How To Create A Great Boat Video

By Carol Newman Cronin

These 10 tips will work to help you capture memories and share your love of boating with others.

Taking video off the stern of a powerboat

Do you remember your fifth (or 15th, or 50th) boating adventure of last summer? I don't remember mine either. If only I'd captured them on video. I could replay the scene to bring it all back, and relive all those boating moments, preferably in slow-mo. I know, I know, video cameras can be slightly annoying companions in real time, even though they're very useful tools in the right hands. But they make it easy to share an experience or relive our memories long after the season ends or the kids grow up. Plus, we can edit the footage afterward, making a moment more special or exciting than in real time.

Video is also a great sales tool, as it allows us to take potential buyers on a virtual tour. Keep in mind, though, that the best footage to sell your boat will most likely be quite different from what your family finds entertaining, so it's important to know what you're trying to capture before you start filming. Is it "Buy this boat" or "Wasn't that a great day?" or something completely different? Regardless of your video's intended message, following some basic rules will help you capture footage others will appreciate. Here are 10 tips to help you create a video that viewers will watch all the way through.

Stablizing video camera using exercise ballUsing an exercise ball to stabilize your shot will help eliminate the shaking and vibrations from the boat.

Minimize the motion.

Even the gentle bobbing and rocking that we barely notice (while tied to a dock, or on a calm lake) will be very disturbing when watched on screen. Use your legs as shock absorbers, and take short clips. Beware of bracing yourself on something like a bimini frame that may transfer engine vibrations to the camera.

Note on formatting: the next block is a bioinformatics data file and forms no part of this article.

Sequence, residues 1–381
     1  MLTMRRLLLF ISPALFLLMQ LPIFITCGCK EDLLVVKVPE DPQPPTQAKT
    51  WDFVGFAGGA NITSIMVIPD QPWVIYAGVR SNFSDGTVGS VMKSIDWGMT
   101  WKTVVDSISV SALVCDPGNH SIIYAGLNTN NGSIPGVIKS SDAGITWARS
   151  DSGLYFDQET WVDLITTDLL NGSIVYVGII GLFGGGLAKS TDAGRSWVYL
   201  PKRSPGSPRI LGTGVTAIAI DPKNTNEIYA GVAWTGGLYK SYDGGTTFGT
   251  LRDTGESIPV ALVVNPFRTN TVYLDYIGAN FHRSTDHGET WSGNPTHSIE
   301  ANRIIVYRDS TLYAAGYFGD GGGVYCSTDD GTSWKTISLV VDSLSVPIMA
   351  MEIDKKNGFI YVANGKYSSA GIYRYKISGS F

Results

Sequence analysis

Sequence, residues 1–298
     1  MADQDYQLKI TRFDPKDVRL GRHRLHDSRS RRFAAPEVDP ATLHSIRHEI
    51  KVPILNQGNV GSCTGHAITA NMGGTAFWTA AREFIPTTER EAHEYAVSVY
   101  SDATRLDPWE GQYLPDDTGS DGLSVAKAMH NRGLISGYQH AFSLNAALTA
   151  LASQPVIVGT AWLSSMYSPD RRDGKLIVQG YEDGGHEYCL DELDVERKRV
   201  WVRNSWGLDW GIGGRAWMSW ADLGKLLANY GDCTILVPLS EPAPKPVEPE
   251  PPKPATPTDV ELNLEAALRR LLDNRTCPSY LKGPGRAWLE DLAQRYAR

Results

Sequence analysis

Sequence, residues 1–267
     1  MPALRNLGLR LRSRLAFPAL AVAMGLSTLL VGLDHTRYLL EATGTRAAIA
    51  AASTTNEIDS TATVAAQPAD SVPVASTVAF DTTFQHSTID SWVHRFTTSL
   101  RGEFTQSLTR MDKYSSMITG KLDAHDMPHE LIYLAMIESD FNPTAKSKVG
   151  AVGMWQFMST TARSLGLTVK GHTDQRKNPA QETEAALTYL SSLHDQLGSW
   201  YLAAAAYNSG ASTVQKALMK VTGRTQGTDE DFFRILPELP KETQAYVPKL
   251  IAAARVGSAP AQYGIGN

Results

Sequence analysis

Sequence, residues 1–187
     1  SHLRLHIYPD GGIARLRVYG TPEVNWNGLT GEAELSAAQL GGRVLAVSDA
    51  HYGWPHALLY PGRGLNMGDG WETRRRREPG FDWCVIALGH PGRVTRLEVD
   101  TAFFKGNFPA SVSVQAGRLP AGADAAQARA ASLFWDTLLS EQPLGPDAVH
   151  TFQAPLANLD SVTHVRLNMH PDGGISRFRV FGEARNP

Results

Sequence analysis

Keep the horizon straight.

Yes, artsy videographers may be able to get away with using an odd angle here and there. But basic videos should aim for a stable, easily understood reference point.

Capture a different perspective.

On a heeling sailboat, crouch to leeward for an up-close look at the water rushing by. On a center-console, film the wake or fix a camera to the T-top for a bird's-eye view. And always remember the cameraman's version of the boater's adage: One hand for yourself, one hand for the boat, or in this case, the gear.

Keep your lens dry and clean.

Even a small drop or two of spray is a big distraction to the viewer.

Film less, edit more.

It's easy to capture the same scene over and over again ("Here we are, heading out of the harbor on a beautiful day"), which will make dull watching afterward. If a clip doesn't add something new to the video, leave it out.

Edit out the shaky stuff.

Even if it's your most action-packed moment, we shouldn't need seasickness pills to watch.

Take out the boring parts and the mistakes.

Most clips can be shortened to show only the "good" stuff; there's no need to "set the scene." And random bilge views or that blurry finger blocking half the lens will only distract the viewer.

Minimize the talking heads.

Unless you have a professional spokesperson aboard, don't expect to get something memorable if you stick a camera in someone's face.

Keep graphics simple and clean.

Stick with basic transitions. If you add any text, make sure it's legible and short enough to read in a second or two.

Leave 'em wanting more.

A well-edited short clip will be more memorable than an extended panoramic shot.

Bonus Tip:

Consider a waterproof housing to protect your equipment. 

Carol is an author, editor, and Olympian who specializes in stories about boats — both fact and fiction.

— Published: June/July 2016


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